Wednesday, March 23, 2022
James Ankrum

The University of Iowa is thrilled to announce that James Ankrum, an associate professor in biomedical engineering, has been selected for a Fulbright Scholar Award in Ireland for the 2022-2023 academic year.

Ankrum is one of over 400 U.S. professionals, artists, and scholars who will travel abroad this year through the Fulbright Scholar Program, a prestigious and competitive fellowship that helps in supporting research opportunities and establishing long-term relationships between people and nations. Alumni include 61 Nobel Laureates, 89 Pulitzer Prize winners, 76 MacArthur Fellows, and thousands of leaders and world-renowned experts in academia and many other fields across the private, public, and non-profit sectors.

"James's research and teaching are stellar, and his commitment to university service and shared governance is commendable. He is among our university’s top faculty, and I am thrilled he has the opportunity to expand the global audience for his work," says Russ Ganim, associate provost and dean of International Programs. 

Ankrum will be working with colleagues at the Royal College of Surgeons in Ireland (RCSI), to develop new tools in the field of regenerative medicine for surgeons to promote healing of large and complicated wounds.

“The group I’ll be joining is a world leader in tissue engineering and 3D bioprinting, and I look forward to combining my own expertise in cell based therapies with theirs to come up with some powerful solutions to treat complex wounds,” says Ankrum.

“The group I’ll be joining is a world leader in tissue engineering and 3D bioprinting, and I look forward to combining my own expertise in cell based therapies with theirs to come up with some powerful solutions to treat complex wounds."

According to Ankrum, this work will have numerous applications, from treating chronic wounds like diabetic ulcers to treating soldiers who have been ravaged by war.

“Wound healing is something that we all take for granted, but it is essential to living a long and productive life,” says Ankrum. “Unfortunately, as we age, we lose the ability to heal through regeneration and instead form scars or worse, chronic wounds that never resolve. Regenerative medicine as a field seeks to understand the cues that drive regenerative healing and then engineer therapies, piece by piece, that actively promote healing while minimizing scar formation.”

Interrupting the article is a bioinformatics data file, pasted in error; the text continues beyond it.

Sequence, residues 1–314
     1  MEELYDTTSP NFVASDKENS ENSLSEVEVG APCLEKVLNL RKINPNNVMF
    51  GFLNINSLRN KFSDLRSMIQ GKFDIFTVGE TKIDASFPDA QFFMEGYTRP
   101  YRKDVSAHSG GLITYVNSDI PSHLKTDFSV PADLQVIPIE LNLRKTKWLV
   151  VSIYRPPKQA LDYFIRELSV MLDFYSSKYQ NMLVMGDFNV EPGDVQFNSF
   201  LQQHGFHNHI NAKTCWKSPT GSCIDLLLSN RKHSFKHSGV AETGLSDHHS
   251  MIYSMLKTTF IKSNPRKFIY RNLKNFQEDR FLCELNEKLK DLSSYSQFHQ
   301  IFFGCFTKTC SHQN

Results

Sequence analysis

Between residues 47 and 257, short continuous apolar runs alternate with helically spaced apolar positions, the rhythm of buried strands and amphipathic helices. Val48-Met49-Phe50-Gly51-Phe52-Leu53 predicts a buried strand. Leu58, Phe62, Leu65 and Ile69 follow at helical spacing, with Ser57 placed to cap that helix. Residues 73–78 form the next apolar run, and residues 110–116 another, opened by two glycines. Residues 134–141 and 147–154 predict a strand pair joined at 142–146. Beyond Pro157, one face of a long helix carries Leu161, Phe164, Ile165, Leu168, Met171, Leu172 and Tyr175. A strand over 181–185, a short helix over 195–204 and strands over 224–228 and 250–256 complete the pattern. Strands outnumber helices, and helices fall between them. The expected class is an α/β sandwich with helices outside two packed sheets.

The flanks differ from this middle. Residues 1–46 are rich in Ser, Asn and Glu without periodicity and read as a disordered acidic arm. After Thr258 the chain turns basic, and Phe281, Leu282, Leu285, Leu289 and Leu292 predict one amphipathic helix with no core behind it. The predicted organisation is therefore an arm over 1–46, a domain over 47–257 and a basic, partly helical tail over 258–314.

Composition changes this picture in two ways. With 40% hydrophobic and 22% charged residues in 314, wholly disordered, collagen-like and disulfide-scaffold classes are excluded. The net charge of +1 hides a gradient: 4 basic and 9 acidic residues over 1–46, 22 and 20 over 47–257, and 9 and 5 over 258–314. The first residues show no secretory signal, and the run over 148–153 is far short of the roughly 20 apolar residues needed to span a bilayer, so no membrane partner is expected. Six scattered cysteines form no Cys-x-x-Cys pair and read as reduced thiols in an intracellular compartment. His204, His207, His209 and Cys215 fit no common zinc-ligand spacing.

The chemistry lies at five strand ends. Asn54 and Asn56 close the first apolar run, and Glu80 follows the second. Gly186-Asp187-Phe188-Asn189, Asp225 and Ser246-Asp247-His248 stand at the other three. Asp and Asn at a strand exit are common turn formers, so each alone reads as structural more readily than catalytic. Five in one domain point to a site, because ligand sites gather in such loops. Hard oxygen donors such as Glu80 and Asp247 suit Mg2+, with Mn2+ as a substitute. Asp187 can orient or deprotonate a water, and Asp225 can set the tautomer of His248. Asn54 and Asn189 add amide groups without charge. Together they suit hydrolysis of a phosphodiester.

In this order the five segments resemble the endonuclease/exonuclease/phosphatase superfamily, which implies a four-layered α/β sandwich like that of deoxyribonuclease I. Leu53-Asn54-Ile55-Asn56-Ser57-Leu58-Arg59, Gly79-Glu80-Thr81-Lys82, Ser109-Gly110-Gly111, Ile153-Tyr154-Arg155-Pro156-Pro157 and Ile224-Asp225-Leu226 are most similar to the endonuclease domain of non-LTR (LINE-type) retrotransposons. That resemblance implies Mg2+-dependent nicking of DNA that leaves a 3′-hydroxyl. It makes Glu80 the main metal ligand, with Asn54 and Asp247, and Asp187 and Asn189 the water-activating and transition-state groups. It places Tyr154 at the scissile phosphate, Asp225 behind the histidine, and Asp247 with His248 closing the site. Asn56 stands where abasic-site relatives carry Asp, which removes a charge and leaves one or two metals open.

UI students Lin Di and Hannah Dobroski with James Ankrum in the Pappajohn Biomedical Discovery Building

Fulbright scholars not only teach and conduct research, but build relationships with people in their host country, and Ankrum is excited about the ways this experience will influence his work beyond his fellowship in Ireland.

“The goal is for this experience to be the start of a long collaboration that can continue after I return to campus,” says Ankrum. “Research in Ireland is very focused on translation and collaboration with industry and I look forward to being immersed in such an environment and applying the lessons I learn back at Iowa to make my own research program more translational.”

To his fellow colleagues who might be considering applying for a Fulbright in their own disciplines, Ankrum offers the following encouragement. 

“If you are a faculty member considering a professional development award, applying for a Fulbright should be a no-brainer,” says Ankrum. “The process of applying for the Fulbright forces you to consider your goals for time away from the university, establish relationships with groups around the world you’d like to work with and helps clarify what you hope to gain from the experience. Considering the lofty history of the Fulbright and accomplishments of past Fulbright Scholars, applying can feel quite intimidating. My encouragement is that it’s intimidating to everyone, talk to past Fulbright Scholars; they all love to share their experiences, and apply; you can’t win if you don’t put yourself out there.”

Learn more about the UI resources for applying to the Fulbright Program

This year marks the 76th anniversary of the Fulbright Program, which has given more than 400,000 participants the opportunity to study, teach, conduct research, and contribute to finding solutions to shared international concerns. 

University faculty members at all stages of their careers can apply to become Fulbright Scholars and Fulbright Specialists. Grant recipients can teach, do research abroad, or a combination of both for flexible time periods ranging from 2-6 weeks to a semester or an entire academic year.